Don’t call it hydraulics

Disney has an big interest in animatronics – just try visiting one of their parks and avoiding it.

These are mainly kept at a very safe distance because either the visitor or the animatronic ‘robot’ are fragile compared to one another. Disney is all about interaction and asked the question – how can the animatronics and the visitors be safe around eachother? Disney Research Pittsburgh approached an old solution in a novel way – by removing some of the most problematic areas of working-fluid actuators in order to make a ‘softer’, friendlier animatronic.

The solution looks at first glance to be hydraulic – pressure lines connect pistons, allowing the actuator drive and the actuation posit to be separated. The system can work with an incompressible or compressible fluid.

The key difference over hydraulics is actually the lower performance – the lower working fluid pressure (100psi) and a unique ‘rolling gasket’ type seal in the pistons. This gasket reduces the problem of ‘sticktion’ (initial extra friction at the start of an actuation movement) to almost nothing, and reduces friction during travel as well. This requires less overall pressurization in the system to achieve smooth motion, and by moving the actuator motors off the robot itself, total mass is reduced, creating a positive feedback where less mass requires less actuation power. There are some design challenges that seem open, though:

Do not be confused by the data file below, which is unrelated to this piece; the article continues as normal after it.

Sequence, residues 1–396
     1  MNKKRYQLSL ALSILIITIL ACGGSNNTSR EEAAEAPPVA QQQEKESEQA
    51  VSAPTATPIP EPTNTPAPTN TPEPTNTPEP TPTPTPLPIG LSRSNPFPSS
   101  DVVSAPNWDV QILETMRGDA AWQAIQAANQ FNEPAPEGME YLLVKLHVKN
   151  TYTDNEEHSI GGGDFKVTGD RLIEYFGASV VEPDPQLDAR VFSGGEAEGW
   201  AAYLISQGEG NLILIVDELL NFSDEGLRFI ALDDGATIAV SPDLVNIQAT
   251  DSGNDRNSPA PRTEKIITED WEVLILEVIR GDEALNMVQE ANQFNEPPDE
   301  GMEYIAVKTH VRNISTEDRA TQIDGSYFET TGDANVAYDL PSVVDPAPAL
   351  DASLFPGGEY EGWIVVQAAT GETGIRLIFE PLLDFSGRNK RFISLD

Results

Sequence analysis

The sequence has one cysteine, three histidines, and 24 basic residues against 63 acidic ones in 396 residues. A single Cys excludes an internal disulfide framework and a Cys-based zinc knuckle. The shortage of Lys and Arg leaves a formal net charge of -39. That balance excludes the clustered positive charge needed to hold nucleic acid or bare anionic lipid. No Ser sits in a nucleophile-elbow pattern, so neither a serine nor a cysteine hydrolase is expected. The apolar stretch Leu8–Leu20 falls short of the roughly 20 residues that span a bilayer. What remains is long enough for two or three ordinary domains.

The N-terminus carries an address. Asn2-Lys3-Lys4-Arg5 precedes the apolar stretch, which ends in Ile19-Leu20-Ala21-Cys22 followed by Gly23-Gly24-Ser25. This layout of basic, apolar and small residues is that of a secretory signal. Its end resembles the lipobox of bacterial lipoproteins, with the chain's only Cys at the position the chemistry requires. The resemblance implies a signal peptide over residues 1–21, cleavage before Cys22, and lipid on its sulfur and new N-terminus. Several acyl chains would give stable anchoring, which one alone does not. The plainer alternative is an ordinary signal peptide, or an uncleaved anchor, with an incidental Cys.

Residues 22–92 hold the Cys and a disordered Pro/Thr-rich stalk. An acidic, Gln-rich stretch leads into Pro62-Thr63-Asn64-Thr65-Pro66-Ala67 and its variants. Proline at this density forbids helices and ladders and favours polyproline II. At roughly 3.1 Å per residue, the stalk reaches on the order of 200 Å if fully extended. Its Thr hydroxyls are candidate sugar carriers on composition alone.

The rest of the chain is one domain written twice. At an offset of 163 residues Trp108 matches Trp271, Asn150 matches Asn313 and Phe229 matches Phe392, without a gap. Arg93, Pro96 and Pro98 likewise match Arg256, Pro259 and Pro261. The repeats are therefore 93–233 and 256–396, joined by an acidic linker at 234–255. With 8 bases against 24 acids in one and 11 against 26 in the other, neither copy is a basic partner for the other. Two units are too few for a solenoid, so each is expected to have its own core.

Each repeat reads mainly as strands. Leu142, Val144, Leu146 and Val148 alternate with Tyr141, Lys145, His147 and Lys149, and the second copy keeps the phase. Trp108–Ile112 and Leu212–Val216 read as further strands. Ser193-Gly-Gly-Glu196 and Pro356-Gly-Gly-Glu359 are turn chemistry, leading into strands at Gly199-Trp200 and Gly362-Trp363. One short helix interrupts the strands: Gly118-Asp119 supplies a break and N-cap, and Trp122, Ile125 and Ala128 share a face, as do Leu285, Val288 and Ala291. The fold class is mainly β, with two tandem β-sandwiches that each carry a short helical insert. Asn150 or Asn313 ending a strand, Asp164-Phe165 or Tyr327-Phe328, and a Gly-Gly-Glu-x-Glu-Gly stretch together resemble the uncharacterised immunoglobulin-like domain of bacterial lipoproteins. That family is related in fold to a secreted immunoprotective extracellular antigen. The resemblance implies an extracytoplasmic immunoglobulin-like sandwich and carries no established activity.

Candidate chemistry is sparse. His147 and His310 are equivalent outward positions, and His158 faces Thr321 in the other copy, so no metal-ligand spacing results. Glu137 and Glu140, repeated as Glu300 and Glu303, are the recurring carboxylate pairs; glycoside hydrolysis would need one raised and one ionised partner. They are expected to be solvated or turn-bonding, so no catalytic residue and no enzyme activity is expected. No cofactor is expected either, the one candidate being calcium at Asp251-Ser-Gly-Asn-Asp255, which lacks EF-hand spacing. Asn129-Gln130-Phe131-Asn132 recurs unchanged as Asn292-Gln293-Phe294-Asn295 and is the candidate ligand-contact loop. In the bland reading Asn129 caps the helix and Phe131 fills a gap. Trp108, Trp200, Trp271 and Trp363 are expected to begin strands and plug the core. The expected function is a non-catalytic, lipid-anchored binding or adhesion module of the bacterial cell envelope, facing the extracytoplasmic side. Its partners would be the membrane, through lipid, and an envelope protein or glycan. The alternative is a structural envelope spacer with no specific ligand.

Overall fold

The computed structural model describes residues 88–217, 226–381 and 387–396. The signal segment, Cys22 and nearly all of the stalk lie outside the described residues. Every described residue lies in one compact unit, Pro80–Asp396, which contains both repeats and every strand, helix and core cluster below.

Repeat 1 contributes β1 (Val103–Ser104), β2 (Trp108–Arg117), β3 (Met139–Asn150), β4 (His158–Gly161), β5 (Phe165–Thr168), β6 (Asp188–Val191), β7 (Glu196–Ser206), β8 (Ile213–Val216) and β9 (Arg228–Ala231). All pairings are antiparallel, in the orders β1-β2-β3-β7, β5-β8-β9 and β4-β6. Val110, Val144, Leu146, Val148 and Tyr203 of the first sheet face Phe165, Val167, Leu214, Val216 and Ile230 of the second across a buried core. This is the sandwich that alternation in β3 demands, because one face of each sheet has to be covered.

An interesting design issue, I think, is that traditional hydraulics can drive a cylinder piston from either the front or back  – allowing the working fluid to ‘push’ the piston in or our depending which fluid line is pressurized. because the soft gasket system seems to only be able to be pressurized from one side, two of these pistons are required in a push/pull configuration, coupled by a drive belt. This makes the system appear a bit bulkier than a standard hydraulic piston.

Also, in order to maintain backdrivability (the ability to safely push back against the robot’s actuation), the drive motor must be backdrivable as well. In traditional hydraulics this is a pump and valve system to control pressure. In electrics this tends to be a gear drive system with reduction. Neither of these allows good backdrivability without special design considerations, such as ‘leaky’ pumps or high torque, 1:1 drive motors. The videos show that a DC motor with a reduction gear system is used, so the feature of full backdrivability isn’t completely addressed unless the working fluid is compressible – as in the Xylophone demo.

The system is by no means hyper accurate in the demonstrations and is certainly not for mission-critical accuracy – it needs to be a part of a feedback system with end effector force sensors or external camera systems to determine pose.

It should be noted that the demonstrations clearly show the intent of this system – to allow animatronics that can safely play with kids!

The full article and paper is available at the Disney Research site


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